The horror of what Australia are doing to their own beneficiaries has been laid bare by the Centrelink scandal where a new big data sharing system (which is being mooted in NZ) has sent thousands of Australians debt collection threats.
Unfortunately this style of neoliberal welfare punishment has been operating in NZ for decades.
WINZ has over the last 30 years of neoliberalism become the worst abuser of poor people in the country. They refuse to tell beneficiaries what the ‘relationship’ equation is and as such have a secret spying department who trawl beneficiary social media accounts to catch them out having ‘relationships’. WINZ then claim this is benefit fraud.
How many beneficiaries have been caught out in this type of ‘fraud’? 60% of sole parent beneficiaries owe money to WINZ because of over payments which WINZ have called ‘fraud’.
This is just insane, these people will never get out of debt to WINZ and by refusing to explain what a relationship actually is, WINZ keep doing this to purposely create fear amongst beneficiaries in a corporate culture geared to intimidate and hurt the most vulnerable in NZ society.
In August 2015 I sat through a whole day of hearing in the High Court on this sad case. What a convoluted sets of arguments were expounded to justify the punitive approach taken by the Crown. That was the latest court event in a 15 year saga in which an unwell beneficiary is being pursued for the repayment of $20 a week.
Her debt arose from an accusation by an ex-partner that she had been receiving the Domestic Purposes Benefit over five years in the 1990s, alleging she was with him. She has always denied she was in a relationship in the nature of marriage in that period.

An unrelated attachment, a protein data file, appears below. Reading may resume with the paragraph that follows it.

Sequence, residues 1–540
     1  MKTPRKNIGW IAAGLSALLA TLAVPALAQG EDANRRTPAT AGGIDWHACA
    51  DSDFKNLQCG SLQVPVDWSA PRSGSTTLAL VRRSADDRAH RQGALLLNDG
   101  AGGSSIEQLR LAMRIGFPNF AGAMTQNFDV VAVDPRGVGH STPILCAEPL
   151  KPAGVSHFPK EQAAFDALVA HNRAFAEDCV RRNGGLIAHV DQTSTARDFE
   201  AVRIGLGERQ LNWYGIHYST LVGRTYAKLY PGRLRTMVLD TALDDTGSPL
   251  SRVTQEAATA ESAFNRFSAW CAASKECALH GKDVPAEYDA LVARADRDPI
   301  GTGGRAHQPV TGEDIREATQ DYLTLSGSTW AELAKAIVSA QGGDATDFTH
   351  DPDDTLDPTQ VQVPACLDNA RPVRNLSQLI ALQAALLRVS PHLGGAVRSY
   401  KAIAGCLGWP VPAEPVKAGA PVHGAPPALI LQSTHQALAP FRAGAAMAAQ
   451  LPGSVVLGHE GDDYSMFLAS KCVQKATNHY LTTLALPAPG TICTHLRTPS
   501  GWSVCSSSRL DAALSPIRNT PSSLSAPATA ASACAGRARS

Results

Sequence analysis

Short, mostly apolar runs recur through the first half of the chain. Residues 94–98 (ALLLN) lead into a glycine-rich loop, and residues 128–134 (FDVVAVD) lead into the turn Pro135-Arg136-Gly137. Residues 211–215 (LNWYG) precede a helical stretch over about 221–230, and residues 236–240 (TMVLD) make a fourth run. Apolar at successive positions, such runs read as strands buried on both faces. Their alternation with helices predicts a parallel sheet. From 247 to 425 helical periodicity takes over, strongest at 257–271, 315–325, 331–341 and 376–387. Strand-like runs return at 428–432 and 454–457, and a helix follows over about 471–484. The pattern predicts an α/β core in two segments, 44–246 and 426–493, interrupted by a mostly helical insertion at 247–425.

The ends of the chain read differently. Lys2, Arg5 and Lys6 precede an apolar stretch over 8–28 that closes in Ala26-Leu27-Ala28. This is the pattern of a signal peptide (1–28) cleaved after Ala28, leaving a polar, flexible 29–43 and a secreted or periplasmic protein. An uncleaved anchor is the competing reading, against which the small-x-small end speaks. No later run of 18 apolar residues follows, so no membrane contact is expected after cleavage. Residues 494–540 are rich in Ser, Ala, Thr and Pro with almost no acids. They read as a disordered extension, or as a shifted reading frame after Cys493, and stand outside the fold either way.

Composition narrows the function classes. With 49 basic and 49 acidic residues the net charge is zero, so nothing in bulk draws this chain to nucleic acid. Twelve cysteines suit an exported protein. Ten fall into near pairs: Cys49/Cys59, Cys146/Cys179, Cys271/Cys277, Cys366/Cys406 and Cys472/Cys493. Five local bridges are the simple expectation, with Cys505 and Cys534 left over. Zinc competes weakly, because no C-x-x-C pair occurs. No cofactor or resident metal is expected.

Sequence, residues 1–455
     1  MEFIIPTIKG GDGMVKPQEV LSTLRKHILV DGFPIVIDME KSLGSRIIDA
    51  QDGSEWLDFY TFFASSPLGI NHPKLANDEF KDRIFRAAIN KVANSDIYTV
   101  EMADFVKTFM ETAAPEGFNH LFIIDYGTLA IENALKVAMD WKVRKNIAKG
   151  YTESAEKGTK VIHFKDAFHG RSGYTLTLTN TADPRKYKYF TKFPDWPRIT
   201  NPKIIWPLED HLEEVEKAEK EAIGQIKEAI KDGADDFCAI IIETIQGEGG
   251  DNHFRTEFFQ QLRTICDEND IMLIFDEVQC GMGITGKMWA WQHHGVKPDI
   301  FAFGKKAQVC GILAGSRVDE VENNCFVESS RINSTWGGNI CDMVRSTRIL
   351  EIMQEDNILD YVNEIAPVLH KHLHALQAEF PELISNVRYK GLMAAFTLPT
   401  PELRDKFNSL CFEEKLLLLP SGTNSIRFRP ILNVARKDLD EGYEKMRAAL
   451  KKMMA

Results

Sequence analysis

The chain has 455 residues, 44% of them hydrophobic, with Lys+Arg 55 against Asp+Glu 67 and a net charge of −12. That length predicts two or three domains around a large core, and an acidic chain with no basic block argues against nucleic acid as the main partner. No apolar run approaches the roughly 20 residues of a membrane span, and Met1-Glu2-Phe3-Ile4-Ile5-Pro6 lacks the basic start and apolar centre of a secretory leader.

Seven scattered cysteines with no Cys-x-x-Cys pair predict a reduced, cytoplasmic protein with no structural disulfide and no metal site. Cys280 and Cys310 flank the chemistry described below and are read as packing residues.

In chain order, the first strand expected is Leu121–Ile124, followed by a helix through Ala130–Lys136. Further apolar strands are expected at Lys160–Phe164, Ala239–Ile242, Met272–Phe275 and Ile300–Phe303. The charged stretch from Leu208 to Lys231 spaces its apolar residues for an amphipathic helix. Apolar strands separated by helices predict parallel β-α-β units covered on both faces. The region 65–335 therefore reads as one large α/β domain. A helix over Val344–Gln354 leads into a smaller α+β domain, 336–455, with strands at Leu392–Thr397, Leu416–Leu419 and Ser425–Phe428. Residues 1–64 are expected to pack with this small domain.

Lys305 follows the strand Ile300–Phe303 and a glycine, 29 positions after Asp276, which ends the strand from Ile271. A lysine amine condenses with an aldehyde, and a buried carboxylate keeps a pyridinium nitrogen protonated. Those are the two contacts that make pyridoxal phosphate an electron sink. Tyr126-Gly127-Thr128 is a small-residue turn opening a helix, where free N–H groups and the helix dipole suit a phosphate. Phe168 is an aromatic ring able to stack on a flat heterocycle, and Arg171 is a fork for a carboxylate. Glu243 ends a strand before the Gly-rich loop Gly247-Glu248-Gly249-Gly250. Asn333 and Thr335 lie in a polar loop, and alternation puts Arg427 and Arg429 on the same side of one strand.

Unlike so many others who are told to plead guilty and show remorse to secure a lighter sentence, she refused to take that path and spent 6 months in prison even though she had a five year-old at the time. Her family have suffered enormously and unjustly.
A prison sentence was not enough for the MSD who have insisted she still owes them $117,000.
The costs to government let alone society to date have been huge. Some of the monetary costs are the Crown Law outlay of $85,000 for the last 15 years of Civil proceedings for debt recovery, the $11,000 for the costs of criminal prosecution before that, and an estimated $50,000 for the incarceration.
Barrister and journalist Catriona MacLellan is the author of Kathryn’s Story: How the Government spent well over $100,000 and 15 years pursuing a chronically-ill beneficiary mother for a debt she should not have
Kathryn’s Story is intended to inform and educate those in positions of power about the contexts of the lives of many defenceless women who may fall foul of the system used to establish relationship fraud
The case study also draws attention to the punitive approach to reparations that apply in the welfare system. Kathryn’s treatment is in sharp contrast to that for white collar tax evasion, which has been well documented by Lisa Marriott in recent Victoria University research.
Kathryn’s Story builds on CPAG’s work around relationship status as defined in the welfare system, in the 2014 report The complexities of “relationship” in the welfare system and the consequences for children.
CPAG is calling for a broad review of the use of a ‘couple’ as the unit for determining welfare support, as well as a major shift in attitude towards beneficiaries and sole parents by policy makers, so that relationship fraud convictions of sole parents become a thing of the past.
…the neoliberal welfare state can’t be challenged in NZ because Labour and the Greens are too terrified of being painted out as soft one beneficiaries so don’t bother with any real reform against these abusive state departments.
Once upon a time, before the neoliberal revolution the Labour Party introduced in the 1980s and did bugger all to repeal in the 2000s, these state welfare agencies were pillars of egalitarianism in NZ culture. By gutting them of compassion and focusing them on abusing beneficiaries they are the first organisations that demand urgent and radical reform.
Labour and the Greens won’t touch the punitive neoliberal welfare state, but MANA and the Maori Party certainly can.